Killing a critically endangered species is punishable by six years and one day to 12 years and/or a fine of P100,000 to P1 million as provided for by the Wildlife Resources Conservation and Protection Act (Republic Act 9147).
It wasn’t just any eagle in the wild that Balaon killed. He killed Kagsabua.
Kagsabua was a juvenile when brought to the PEF Center in Davao City for treatment of gunshot wounds in September 2006.
It was released back to the wild on Mt. Kitanglad in Sumilao, Bukidnon in March 2008. It was strapped with a radio and satellite transmitter and a green leg band marked BW.
Four months later, however, PEF field biologist Giovanne Tampos reported that he was no longer receiving signals from Kagsabua’s transmitter. That was on July 10, 2008.
The PEF searched the area where the last signals were picked up in Ipasug-ong, Bukidnon and found nape feathers of an eagle near Mapolo Creek at the boundary of sitios Intavas and Lupiagan. They later unearthed the radio transmitter and antennae. Another PEF team unearthed the legs, one of which had the leg band marked BW.
Balaon at first admitted that he killed and cooked the eagle when confronted by Datu Lintikan. But he recanted and chose to face trial.
Asked for his comment on Balaon’s statement that he’s willing to help educate other residents about the importance of the Philippine eagle, Salvador said, he has been given the chance before the four-year court battle that cost the PEF so much, whatever he says now will not make his crime any lighter.
“We did ask him to do this and perform community service before the trial began if he pleads guilty and spare us the trial. But he refused and said he'd fight the charges. He probably thought he could lie his way through - so let's have him reflect the error of his ways in jail,” Salvador said.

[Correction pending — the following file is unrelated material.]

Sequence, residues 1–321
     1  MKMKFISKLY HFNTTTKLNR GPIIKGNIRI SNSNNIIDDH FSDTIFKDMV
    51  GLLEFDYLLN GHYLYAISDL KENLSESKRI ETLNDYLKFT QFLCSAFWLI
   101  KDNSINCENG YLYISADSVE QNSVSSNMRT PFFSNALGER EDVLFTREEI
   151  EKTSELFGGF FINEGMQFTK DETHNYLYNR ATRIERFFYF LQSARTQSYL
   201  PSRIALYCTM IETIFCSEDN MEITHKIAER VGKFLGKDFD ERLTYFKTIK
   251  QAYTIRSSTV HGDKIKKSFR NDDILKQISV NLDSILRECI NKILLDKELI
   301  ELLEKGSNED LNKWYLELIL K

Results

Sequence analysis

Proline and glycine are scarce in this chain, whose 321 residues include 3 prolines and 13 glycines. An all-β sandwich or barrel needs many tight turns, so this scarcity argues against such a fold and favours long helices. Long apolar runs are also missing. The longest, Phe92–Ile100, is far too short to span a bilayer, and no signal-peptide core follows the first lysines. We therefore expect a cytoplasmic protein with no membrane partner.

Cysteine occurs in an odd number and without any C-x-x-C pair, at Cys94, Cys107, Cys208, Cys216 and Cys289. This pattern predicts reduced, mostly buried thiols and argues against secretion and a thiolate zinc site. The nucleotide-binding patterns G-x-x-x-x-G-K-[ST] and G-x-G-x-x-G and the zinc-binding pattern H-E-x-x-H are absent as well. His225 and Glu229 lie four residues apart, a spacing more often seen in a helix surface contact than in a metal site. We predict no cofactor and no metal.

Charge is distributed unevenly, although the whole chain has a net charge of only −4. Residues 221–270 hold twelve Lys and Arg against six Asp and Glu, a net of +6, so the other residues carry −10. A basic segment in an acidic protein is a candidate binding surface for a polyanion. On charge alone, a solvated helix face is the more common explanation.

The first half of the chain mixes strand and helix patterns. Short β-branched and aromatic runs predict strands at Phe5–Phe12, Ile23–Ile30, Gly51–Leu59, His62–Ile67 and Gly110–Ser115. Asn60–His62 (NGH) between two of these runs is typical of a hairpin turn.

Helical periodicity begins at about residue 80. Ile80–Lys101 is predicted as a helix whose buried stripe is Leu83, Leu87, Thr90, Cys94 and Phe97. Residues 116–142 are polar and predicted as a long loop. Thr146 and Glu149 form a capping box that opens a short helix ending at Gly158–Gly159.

Conserving the Philippine eagle is not just about conserving one species. Rather, it is conserving a whole ecosystem and preserving biodiversity.
“The PEF firmly believes that the fate of our vanishing Philippine Eagle, the health of our environment, and the quality of Philippine life are inextricably linked,” PEF says in its mission statement.
The current population status of the bird is not known as past census since the bird was discovered in 1896 has been at best crude, PEF says in its website.
This is because the eagle habitat is in the deep rainforests.
“However, base on systemic surveys in the last decade, breeding density estimate suggest there are about 200 pairs in Mindanao. Using the same estimates, about 300 pairs could be present in the other islands where it has been found,” the PEF added.
A pair needs 7,000-13,000 hectares of forest to survive and breed.
There is no longer that much contiguous forested lands even in Mindanao, because mountains are already denuded by mining, logging, agricultural plantations, and human settlements.
But people themselves need lush forests to ensure the sustainability of their water and food sources, and to ensure that there is air pure enough to maintain good health; thus, the campaign to save the eagles is in fact a campaign to save the people.